• Yamiche Alcindor:

    And we only have about 30 seconds left, but I want to ask you about this change that we mentioned to E-Verify.

    What impact might that change to E-Verify have? And are there any consequences that you think the Trump Organization might face because they employed so many undocumented immigrants?

  • David Fahrenthold:

    It's hard to know if they will face legal consequences for what they have already done. The New Jersey attorney general is apparently investigating what happened at Bedminster. It's possible something will come out of that.

    The decision to switch to E-Verify and apparently to go to all legal workers next year could be tremendously costly for the Trump Organization. There's a reason people don't do E-Verify, which is legal workers usually cost more.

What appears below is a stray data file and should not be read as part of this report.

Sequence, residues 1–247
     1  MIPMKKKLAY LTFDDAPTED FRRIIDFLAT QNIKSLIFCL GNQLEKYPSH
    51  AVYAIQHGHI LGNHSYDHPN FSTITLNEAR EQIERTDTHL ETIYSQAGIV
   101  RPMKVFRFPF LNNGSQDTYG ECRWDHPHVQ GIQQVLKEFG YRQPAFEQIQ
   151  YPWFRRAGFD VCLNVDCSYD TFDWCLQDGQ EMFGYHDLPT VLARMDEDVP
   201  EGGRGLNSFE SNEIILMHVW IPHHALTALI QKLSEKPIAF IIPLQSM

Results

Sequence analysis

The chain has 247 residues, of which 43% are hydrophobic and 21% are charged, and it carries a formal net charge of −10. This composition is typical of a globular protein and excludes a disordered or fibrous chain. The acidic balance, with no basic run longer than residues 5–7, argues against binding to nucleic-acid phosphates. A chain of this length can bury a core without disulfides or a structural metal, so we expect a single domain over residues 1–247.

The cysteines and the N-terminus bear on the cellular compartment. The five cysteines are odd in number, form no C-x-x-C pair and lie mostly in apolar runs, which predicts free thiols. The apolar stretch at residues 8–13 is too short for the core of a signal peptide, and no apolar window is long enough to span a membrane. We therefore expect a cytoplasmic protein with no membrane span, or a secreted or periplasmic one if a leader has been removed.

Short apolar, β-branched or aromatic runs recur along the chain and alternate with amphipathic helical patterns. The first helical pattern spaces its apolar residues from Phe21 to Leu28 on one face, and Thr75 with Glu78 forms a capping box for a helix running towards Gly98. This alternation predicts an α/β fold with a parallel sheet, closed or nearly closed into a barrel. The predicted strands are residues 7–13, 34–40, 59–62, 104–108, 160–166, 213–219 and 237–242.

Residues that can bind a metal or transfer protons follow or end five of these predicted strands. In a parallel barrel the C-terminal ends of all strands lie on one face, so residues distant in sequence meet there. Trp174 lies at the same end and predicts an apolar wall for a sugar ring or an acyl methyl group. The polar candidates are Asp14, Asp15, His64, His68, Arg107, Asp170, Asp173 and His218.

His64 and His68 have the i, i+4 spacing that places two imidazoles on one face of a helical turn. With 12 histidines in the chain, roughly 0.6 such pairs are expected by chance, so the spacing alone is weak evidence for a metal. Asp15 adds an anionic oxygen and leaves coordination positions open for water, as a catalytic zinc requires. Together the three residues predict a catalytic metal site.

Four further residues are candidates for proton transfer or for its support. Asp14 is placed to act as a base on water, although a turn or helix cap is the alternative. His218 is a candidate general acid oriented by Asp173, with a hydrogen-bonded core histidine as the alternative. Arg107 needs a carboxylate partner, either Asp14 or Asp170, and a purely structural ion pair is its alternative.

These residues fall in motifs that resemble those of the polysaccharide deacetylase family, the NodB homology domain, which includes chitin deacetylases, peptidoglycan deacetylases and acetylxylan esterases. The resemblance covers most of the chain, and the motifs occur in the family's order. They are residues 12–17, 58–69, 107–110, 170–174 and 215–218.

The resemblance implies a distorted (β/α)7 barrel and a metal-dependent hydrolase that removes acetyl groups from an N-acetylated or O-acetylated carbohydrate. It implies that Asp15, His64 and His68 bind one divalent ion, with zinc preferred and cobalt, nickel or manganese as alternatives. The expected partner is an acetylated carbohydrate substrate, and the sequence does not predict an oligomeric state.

And if they're going to go to E-Verify and use legal workers, new legal workers in many cases, for housekeeping, for groundskeeping, it's going to raise their labor costs tremendously at these clubs.

    And it's going to be interesting — interesting to see how that affects their business.

  • Yamiche Alcindor:

    OK.

    Well, thank you so much for joining us, David Fahrenthold of The Washington Post.

  • Judy Woodruff:

    And a postscript.

    Late today, one of the workers fired from the Trump National Golf Club has been invited to attend the State of the Union address. Democratic Congresswoman Bonnie Watson Coleman of New Jersey asked Victorina Morales to be her guest at the Capitol.